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Date posted: 12th November 2019
It is true to say that in HR a practitioner needs many levels to their working personality. The ability to listen, communicate, nurture staff but also at times be able to communicate bad news with empathy.
The role of HR in business is multi faceted, the main levels being those needed in managing the employee life cycle :recruiting, empowering , training and rewarding the work force.
Some practitioners choose to become HR generalists covering a broad range of the spectrum whilst others specialise in a specific area such as recruitment or learning and development.
Either way there are several proficiencies on the CIPD skills map that any good practitioner needs to display.
Our top five are below and why:
Being a decisive thinker.
An HR professional cannot shrink away from making decisions. They are always the right ones but not necessarily the popular one. Working in HR you are normally the one turned to as main decision maker in an organisation with regards to workforce strategy. Therefore the ability to think laterally is a must.
Top influencing and communication skills.
The old adage of listening and speaking skills is never truer than within HR as you speak with so many different people from different back grounds. This can range from explaining such things as annual leave provisions to a new employee right up to calming a manager who wants to know why they can’t just get rid of employee xx who has been off sick for 6 months.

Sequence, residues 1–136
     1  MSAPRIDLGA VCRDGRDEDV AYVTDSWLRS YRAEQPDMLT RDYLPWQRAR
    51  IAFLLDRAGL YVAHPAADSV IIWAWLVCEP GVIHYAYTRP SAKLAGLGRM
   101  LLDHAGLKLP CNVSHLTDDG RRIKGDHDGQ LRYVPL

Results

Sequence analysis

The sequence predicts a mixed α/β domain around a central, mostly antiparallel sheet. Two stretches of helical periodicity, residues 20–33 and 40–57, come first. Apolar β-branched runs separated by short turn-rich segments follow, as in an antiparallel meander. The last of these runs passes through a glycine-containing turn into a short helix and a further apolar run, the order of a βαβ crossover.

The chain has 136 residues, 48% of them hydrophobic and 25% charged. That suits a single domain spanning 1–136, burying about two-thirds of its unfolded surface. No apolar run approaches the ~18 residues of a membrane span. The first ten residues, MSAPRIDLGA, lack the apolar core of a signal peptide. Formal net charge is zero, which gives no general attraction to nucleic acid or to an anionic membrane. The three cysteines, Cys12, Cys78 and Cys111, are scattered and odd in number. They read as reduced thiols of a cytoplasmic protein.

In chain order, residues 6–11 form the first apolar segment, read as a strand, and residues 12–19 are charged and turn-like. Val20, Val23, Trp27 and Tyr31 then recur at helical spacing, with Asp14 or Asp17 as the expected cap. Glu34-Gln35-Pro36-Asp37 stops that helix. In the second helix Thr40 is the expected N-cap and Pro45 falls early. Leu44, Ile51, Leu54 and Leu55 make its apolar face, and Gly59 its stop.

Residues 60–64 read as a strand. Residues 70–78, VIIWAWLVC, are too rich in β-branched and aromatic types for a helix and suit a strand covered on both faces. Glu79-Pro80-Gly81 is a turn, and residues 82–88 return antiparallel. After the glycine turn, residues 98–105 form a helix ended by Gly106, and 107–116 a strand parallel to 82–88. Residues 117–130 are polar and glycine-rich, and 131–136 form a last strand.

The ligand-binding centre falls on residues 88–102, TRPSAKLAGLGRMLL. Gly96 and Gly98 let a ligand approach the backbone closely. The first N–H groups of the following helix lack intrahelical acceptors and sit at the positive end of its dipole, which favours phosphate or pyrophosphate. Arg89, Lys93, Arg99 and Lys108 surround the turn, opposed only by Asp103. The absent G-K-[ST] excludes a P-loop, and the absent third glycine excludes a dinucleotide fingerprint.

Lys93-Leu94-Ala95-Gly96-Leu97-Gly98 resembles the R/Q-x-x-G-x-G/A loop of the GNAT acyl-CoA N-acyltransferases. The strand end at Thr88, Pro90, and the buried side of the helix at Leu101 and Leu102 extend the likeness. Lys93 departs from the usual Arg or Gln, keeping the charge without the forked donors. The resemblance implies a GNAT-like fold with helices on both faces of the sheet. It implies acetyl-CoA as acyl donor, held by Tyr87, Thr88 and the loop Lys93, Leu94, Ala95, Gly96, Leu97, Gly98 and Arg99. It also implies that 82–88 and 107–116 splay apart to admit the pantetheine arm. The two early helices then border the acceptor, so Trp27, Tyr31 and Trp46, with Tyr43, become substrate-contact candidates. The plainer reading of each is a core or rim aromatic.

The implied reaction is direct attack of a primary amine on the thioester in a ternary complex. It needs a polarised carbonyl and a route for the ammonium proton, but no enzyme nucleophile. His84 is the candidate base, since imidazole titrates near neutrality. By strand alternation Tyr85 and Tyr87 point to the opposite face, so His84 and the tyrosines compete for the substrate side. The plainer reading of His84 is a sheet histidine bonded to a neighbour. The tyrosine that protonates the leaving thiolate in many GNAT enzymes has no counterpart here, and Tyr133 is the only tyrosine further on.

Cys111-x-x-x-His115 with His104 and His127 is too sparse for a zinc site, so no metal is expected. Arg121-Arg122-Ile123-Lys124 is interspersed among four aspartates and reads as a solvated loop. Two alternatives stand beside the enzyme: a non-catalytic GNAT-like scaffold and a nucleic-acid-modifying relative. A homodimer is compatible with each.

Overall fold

This is a necessity especially as in human resources you work with people (the clue is in the job title) and empathy is a must. What is important to one employee might seem insignificant to others but everyone’s issues are still problems that need solving. Being the mediator in the organisation is often a main role of an HR professional.
With so much paperwork from employee contracts, personnel files, spreadsheets of figures, structure charts (you have to love a good structure chart) an HR professional needs top notch organisational skills to keep up to speed. It is also a job where no two days are the same so your to do list could be ever changing and never completed each day. The ability to manage time is a must.
Taking ownership of your own continuous professional development.
The world of HR is ever changing. Employment legislation can change seemingly weekly so its necessary to keep up to date and ensure workplace policies are amended accordingly.
Aligning your personal development against the CIPD skills map is important not just for career progression but also to ensure you have the correct core knowledge for your current role.
It is very important to embrace new HR Technology, continuously learning, adding modern working methods to your arsenal.
HR truly is the people profession. It’s a challenging but rewarding career choice with so much room for growth. As the business world evolves so will HR and it’s role in the workplace. It’s exciting to see how HR practise will change in the future.
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